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Monday, October 29, 2007

Slide # 7

Explore alternative models of adoption

In any competitive world, seldom we see only one way to solve problems. If it persists, then the level creativity comes into question. Similarly in adoption in India we have a model that we have been following for as long as one can remember the modern way of placing children in homes through adoption.

The current method of adoption in India works like this:

  • A child is abandoned/ relinquished.
  • After the initial verification, brought to the adoption agency.
  • Declared free for adoption by the court.
  • Child is placed in a home through adoption.

When the child is placed in adoption, adoption agencies expected to receive reimbursement for the expenses as per the CARA price guidelines. It is precisely here, where the problem is. There have been many cases of malpractice where the price guidelines seem to have been violated blatantly.

It also appears that to place reasonable checks and balances in place in the current model of adoption is extremely difficult and tightening any more can choke the adoption agencies from functioning. The best way to address this problem is by exposing the current model to the competitive forces of market dynamics by promoting alternative models.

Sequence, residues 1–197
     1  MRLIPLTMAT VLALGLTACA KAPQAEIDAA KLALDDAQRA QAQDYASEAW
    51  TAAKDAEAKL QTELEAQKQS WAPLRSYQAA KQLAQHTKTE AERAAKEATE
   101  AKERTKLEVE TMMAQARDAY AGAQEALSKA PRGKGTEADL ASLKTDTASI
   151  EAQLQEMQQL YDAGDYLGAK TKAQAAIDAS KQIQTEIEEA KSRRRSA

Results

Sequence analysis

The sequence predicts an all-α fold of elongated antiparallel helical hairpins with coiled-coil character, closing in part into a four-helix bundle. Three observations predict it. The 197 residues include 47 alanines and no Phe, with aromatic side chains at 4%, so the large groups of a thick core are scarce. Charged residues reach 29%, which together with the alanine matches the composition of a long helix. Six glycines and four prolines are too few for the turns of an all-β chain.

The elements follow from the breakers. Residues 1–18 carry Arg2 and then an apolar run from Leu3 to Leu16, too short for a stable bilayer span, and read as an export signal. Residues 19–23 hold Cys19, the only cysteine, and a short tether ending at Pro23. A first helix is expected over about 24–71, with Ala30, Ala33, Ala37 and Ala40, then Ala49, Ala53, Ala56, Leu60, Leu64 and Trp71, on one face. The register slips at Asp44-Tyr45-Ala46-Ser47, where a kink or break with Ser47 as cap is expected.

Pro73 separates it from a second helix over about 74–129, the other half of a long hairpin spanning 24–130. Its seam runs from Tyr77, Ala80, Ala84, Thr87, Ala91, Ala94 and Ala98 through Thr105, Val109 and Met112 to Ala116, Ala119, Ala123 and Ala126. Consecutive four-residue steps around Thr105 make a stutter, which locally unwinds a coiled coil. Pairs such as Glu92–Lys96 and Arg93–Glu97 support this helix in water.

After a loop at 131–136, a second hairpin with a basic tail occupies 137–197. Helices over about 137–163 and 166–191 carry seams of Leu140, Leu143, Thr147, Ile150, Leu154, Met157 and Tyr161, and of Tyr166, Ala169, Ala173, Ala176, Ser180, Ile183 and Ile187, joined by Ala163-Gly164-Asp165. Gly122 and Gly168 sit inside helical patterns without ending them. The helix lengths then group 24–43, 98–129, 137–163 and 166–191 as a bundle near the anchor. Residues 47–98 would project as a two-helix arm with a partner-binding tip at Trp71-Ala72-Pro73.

Two such models that I can suggest are as follows:

1. Venture Philanthropy Adoptions (VPA)
2. No Fee Adoptions (NoFA)

Here are the details:

  • Only difference (between the current model and the suggested models) is in reimbursement of expenses for the adoption agencies. Adoptive parents are still asked to bear the expenses such as travel, lodging, boarding, lawyer & court fee etc.
  • Under both these alternative models, agencies do not charge any kind of money from the adoptive parents as fee.
  • In VPA, agencies will partner with a specified corporate donor (let’s say for example IBM) who will reimburse all their expenses. Venture philanthropists are normally high-engaged donors with eye on details.
  • In NoFA, agencies will solicit contributions from anyone but adoptive parents.
  • Basically in both these models, we have a third party payer (of expenses) to whom the agency will be required to give appropriate receipts.
  • Alternative models helps economically disadvantaged families to adopt without worrying much about the costs involved in adopting a child.
India is witnessing an unprecedented growth in wealth and as late as yesterday, our Finance Minister had called on the Indian corporate sector to do more for the society by adopting a school, ITI or a community to make a difference. Indications are such that many are going to heed the call.

Working with these alternative models is not going to be easy but it is going to prove a point that adoptions can be done differently and it is time that we do it.


Ruby Nakka

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